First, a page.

The Secret of the Mantras is an exceptionally-written first-hand account of author Richard Blakely’s three-month teacher training course in Transcendental Meditation with the Maharishi Yogi in India in the late sixties. The book starts out in Paris where the author is a young American making a living by teaching English while he pursues his writing dreams. After attending a lecture by the Maharishi, he finds himself invited as a guest to attend the course in India.
It is written in a clear, conversational way. The descriptions are vivid: “What we could see were the lights of Rishikesh in the distance, with a few others twinkling nearby, and straight above us an array of stars that looked like fireworks frozen in midair.”
For people seeking an unpretentious look at the attitudes and vibe of the late sixties, this book is a must. While it deals with heavy issues—people seeing a deeper spiritual connection, the angst of falling in love, disillusionment, deep-set abandonment issues—it never loses its sense of humor. Surrounded by many who are probably taking everything too seriously, the author’s sense of humor and skepticism serve(d) him and the book well.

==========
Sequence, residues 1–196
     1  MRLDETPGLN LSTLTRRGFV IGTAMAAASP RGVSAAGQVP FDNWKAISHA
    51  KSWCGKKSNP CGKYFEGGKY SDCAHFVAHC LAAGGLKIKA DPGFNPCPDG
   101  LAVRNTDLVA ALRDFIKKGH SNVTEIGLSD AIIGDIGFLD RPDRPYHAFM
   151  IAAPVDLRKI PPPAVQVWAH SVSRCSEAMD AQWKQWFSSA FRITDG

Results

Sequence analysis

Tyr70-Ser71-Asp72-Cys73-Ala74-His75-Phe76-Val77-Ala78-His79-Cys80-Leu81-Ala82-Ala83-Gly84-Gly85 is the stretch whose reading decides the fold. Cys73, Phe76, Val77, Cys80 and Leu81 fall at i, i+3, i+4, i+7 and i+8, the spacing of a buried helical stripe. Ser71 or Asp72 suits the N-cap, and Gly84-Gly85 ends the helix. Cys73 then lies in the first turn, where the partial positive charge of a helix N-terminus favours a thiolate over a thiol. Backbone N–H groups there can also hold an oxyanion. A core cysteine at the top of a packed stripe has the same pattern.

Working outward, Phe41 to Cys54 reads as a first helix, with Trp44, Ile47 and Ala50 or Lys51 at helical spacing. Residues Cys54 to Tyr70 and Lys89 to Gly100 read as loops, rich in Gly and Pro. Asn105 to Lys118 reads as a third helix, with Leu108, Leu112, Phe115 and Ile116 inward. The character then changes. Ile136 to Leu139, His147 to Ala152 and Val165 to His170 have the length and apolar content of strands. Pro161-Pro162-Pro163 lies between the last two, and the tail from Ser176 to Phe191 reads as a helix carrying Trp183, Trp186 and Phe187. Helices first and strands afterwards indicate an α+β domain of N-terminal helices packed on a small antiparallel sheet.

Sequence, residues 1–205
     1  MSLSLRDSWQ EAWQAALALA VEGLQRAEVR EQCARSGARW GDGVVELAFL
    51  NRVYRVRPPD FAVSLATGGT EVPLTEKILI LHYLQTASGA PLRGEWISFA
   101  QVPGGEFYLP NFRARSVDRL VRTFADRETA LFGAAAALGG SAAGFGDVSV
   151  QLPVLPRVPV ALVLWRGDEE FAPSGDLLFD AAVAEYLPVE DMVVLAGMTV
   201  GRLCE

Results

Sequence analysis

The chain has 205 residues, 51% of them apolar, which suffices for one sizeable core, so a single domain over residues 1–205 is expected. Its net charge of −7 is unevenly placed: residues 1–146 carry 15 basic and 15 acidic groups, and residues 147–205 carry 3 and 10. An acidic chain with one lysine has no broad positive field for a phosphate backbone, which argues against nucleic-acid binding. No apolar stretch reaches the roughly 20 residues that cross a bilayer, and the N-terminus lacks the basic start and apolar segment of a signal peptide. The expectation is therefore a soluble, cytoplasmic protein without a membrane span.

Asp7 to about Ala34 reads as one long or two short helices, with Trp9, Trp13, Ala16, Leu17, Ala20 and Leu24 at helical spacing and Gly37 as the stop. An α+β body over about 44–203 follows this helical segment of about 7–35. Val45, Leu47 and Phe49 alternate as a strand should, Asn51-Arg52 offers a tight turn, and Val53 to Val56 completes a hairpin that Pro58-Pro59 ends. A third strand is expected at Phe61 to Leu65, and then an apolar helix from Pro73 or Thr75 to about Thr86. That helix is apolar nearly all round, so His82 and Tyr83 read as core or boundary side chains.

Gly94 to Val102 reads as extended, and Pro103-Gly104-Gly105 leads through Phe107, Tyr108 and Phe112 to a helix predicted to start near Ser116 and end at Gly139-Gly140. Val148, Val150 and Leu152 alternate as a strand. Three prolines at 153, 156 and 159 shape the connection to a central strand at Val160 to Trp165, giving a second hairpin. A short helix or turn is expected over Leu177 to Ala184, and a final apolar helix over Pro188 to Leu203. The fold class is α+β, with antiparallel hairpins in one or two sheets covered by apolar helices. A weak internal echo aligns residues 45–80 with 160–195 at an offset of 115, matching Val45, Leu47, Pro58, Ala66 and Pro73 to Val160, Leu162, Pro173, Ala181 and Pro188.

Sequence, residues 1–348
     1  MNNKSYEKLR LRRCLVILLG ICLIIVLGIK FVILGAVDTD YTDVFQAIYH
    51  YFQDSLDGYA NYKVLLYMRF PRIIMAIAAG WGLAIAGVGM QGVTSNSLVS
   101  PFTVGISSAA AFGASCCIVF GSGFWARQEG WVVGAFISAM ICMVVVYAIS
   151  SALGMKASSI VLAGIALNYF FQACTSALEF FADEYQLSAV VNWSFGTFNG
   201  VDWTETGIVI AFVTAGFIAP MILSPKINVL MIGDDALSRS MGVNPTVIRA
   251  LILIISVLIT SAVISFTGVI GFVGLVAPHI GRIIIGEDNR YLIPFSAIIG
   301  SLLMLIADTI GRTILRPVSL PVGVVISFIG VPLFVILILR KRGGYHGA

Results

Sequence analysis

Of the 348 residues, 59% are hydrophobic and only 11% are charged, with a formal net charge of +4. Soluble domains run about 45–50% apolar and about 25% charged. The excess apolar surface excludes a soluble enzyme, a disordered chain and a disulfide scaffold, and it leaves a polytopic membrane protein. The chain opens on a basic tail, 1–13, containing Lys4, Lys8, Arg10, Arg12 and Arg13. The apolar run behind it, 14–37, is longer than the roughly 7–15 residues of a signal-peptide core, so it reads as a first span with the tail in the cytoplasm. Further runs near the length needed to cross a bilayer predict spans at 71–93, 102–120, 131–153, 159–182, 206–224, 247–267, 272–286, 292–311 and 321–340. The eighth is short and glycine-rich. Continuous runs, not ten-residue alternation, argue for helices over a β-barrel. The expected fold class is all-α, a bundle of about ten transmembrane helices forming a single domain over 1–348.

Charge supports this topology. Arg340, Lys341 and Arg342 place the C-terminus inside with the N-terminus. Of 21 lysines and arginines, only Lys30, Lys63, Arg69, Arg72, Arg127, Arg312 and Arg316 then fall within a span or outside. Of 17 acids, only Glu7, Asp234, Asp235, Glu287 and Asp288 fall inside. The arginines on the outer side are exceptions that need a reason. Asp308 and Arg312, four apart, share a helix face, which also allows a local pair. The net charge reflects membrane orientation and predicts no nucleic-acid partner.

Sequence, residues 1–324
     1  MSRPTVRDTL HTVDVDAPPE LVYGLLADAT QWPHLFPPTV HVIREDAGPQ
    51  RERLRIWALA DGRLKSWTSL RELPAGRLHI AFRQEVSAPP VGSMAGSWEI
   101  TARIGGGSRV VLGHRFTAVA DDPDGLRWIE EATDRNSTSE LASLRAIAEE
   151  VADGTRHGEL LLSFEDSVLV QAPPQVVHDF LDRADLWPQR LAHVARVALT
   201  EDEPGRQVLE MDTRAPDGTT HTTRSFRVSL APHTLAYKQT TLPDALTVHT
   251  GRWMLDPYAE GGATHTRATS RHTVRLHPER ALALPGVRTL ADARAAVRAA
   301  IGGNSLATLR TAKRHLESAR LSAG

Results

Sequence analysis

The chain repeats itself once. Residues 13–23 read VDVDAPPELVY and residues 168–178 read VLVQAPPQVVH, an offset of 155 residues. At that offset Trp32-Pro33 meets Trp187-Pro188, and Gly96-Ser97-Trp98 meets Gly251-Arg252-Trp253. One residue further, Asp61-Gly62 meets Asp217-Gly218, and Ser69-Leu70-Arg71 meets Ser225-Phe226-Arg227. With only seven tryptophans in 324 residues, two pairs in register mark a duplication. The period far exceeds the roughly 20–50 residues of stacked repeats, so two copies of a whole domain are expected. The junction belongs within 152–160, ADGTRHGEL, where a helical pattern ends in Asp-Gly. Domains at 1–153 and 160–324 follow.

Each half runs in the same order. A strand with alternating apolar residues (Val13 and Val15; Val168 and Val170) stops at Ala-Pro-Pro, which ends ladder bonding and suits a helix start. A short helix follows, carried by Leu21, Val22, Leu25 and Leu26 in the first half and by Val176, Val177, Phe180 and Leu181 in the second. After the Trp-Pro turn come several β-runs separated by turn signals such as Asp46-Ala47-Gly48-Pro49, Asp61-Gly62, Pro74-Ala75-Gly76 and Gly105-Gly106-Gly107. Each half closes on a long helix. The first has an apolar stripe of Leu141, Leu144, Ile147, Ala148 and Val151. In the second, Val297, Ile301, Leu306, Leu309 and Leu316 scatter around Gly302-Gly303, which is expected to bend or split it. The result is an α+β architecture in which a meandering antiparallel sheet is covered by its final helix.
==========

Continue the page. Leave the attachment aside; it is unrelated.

A bonus for Beatles fans: Mr. Blakely was in India at the same time the Beatles were. Fans will relish the first-hand encounters with the Beatles and members of their entourage. The anecdotes about those encounters are seamlessly woven into the narrative so as not to dominate or shift the book’s direction to the famous musicians
Some people are gifted storytellers, and this book reads like an evening listening to one of those gifted storytellers spin interesting, exciting, meaningful tales of a time in his or her life.